I don’t want to forever pigeonhole myself because I only share certain parts of myself. I want to wave my freak flag high—no f*cks given—and be okay with the fact that many of you might think it’s too big, too bold, or too eclectic.
And yeah, I wrote f*cks, which I know some people find offensive. Sorry not sorry. I’m literally terrified to publish those words, but oh how f*cken liberating!
I swear, a lot more when speaking than you’d imagine if you read my writing.
I like true crime.
I read celebrity websites.
I enjoy tarot card readings, even though I don’t believe anyone can predict the future, and simultaneously write about the power of staying in the now.
I spend too much money on expensive facials.
I love an excuse to wear a costume and would be totally into King Richard’s fair and steampunk, though I’ve yet to delve into either.
And as for my creative work? I want to break through the walls I’ve built around myself over this last decade and expand beyond the world of self-help.
As you may know, I’m an aspiring filmmaker. But I also want to paint—not landscapes or anything peaceful, but weird, Tim-Burton-esque images that are more interesting and surreal than beautiful and serene.
I want to write stories about quirky people and dysfunctional family dynamics—think Napoleon Dynamite and Little Miss Sunshine.
And I also want to write a murder mystery someday, either a novel or film. Something dark and compelling and intriguing. Something I’d watch with my sister when the Deadly Women marathon’s over.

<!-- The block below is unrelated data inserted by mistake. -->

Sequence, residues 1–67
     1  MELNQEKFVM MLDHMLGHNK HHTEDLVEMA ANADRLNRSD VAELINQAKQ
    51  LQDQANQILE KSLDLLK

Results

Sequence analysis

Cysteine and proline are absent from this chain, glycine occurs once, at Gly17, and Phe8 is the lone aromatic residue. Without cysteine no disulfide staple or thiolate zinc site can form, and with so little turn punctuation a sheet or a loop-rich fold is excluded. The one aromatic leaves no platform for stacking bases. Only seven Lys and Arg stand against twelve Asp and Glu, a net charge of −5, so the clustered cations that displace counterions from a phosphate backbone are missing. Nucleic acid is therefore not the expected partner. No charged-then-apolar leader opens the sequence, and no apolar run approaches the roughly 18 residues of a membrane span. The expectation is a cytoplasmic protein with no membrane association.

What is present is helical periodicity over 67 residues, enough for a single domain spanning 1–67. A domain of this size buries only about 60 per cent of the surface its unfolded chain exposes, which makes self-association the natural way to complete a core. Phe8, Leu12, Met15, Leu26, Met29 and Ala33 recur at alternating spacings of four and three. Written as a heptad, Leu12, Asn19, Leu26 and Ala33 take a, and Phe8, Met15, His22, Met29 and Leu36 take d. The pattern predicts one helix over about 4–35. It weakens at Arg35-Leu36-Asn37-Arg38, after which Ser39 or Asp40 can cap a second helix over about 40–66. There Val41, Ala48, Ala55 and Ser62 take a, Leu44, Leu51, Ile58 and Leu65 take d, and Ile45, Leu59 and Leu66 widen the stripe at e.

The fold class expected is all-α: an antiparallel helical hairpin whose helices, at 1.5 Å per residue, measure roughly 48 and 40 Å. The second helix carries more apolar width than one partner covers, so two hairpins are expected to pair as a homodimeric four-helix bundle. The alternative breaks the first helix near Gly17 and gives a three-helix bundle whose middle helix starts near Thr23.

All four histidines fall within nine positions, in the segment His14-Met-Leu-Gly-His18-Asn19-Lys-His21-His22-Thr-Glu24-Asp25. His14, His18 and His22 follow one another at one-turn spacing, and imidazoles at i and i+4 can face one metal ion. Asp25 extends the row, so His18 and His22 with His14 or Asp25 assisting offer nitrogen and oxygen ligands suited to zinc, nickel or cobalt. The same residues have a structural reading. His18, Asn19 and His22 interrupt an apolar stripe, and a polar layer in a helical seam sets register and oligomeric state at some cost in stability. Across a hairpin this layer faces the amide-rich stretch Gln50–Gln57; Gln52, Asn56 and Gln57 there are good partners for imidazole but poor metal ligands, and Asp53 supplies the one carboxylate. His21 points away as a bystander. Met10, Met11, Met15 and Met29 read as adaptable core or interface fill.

And this means I’ll need to be okay with the fact that my work will only speak to some. Which has probably been true all along; it just hasn’t felt that way.
So going forward, whenever I’m tempted to water myself down—to serve you the cheese version of my pizza instead of the vegan wild mushroom pistachio pesto with tofu chèvre—I’m going to remind myself of the following:
I don’t need everyone to like me. Just the few who genuinely appreciate me once they see me for who I really am.
I don’t need everyone to like what I like. Just the ones who share my unique brand of weird and want to tangle our freak flags for a while.
I don’t need everyone to like what I say and write. Just the ones who get what I’m getting at and would never ask me to tone it down or rein it in.
And I don’t need everyone to like what I create. Just the ones who are drawn to what I want to draw with the messy palette inside my mind and my heart.
So my rat people, where are you? And if you’re not my rat people, who are yours? What’s your brand of weird? And what do you want to do and create?
I realize not all Tiny Buddha readers are interested in creativity, but I know you rat people are out there! If you’re a creative trying to make a living off your work, I highly recommend checking out Paul’s interview. It’s jam-packed with tips and insights that can help you do what you want to do and live your own version of success.
About Lori Deschene
Lori Deschene is the founder of Tiny Buddha and co-producer of the newly launched podcast Next Creator Up, which helps people overcome their blocks and create what they want to create. She’s also the author of Tiny Buddha’s Gratitude Journal and other books and co-founder of Recreate Your Life Story, an online course that helps you let go of the past and live a life you love. For daily wisdom, join the Tiny Buddha list here.